Under the provisions of the Government’s Decree No. 83/1998/ND-CP of October 1998 on civil status registration (hereinafter referred to as Decree No. 83 for short), the marriage of the involved parties should be recorded in the registry book; therefore, if the marriage of the involved parties has not yet recorded in the registry book, the Court shall request them to carry out procedures for recording in the registry book as prescribed in Decree No. 83 before accepting to settle the divorce. If the involved parties fail to comply with such request of the Court but still request the Court to settle their case, the Court shall not recognize them as husband and wife; if they additionally request the Court to settle matters related to children and/or property, the Court shall settle them according to general procedures.
b/ For cases where the parties have the marriage certificates granted by competent authorities in the countries which have not yet signed with Vietnam legal assistance agreements, but not yet consularly legalized under the provisions of Vietnamese laws.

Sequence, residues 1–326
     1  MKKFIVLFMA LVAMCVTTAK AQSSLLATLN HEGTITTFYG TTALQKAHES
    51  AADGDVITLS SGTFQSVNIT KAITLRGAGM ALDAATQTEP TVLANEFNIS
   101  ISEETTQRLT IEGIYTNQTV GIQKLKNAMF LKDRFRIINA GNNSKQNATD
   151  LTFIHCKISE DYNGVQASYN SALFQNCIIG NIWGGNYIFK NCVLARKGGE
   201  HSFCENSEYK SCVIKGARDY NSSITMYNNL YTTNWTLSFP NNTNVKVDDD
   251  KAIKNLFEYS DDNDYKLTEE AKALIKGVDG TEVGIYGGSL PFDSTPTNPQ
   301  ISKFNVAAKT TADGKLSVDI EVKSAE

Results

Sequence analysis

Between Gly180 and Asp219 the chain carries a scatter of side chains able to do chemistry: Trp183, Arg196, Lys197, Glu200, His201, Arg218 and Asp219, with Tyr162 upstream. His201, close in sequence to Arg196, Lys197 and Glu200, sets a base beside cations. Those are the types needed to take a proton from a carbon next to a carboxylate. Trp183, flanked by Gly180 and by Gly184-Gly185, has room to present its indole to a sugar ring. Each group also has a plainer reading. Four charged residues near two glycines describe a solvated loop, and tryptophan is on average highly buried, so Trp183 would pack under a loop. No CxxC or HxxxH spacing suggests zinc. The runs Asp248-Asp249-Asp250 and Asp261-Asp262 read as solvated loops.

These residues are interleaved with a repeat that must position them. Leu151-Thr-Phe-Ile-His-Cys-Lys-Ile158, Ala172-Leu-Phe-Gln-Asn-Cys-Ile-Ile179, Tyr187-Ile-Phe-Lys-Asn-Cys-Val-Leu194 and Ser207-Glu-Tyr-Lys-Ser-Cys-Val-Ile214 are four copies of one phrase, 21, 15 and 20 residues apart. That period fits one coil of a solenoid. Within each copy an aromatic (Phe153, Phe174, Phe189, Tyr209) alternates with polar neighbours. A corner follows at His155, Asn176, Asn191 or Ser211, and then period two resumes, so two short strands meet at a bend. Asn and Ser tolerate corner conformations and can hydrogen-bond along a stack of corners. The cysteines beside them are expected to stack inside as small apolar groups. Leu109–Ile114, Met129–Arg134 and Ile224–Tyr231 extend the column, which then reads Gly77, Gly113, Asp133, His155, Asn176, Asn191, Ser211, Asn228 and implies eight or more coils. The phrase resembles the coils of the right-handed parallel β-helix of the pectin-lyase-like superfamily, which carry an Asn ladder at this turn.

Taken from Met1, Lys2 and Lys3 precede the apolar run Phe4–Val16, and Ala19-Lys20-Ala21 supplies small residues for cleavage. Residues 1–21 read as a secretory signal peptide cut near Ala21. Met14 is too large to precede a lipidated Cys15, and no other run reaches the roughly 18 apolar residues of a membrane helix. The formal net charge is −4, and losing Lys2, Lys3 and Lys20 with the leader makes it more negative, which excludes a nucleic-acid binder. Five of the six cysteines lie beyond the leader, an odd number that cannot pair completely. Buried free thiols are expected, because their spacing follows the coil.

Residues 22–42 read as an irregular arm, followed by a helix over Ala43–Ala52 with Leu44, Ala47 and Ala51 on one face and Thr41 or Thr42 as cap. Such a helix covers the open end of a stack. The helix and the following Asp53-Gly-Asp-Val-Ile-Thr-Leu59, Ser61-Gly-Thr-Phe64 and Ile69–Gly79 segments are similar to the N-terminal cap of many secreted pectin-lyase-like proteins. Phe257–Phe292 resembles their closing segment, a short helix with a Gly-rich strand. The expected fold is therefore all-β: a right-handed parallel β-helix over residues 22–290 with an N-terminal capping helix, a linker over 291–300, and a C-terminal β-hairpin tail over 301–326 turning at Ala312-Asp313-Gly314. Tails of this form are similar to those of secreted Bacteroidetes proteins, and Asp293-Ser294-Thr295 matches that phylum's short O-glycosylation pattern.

In this case, according to the provisions of Decree No. 83, the marriage registration certificate must be consularly legalized and the marriage should be recorded in the registry book; therefore, if the parties’ marriage registration certificate has not yet been consularly legalized nor has their marriage been recorded in the registry book, the Court shall request the involved parties to complete the procedures for consularly legalization and for recording their marriage in the registry book before accepting to settle the case. If the involved parties fail to carry out such procedures but still request the Court to settle their case, if they additionally request the Court to settle matters related to children and/or property, the Court shall settle them according to general procedures.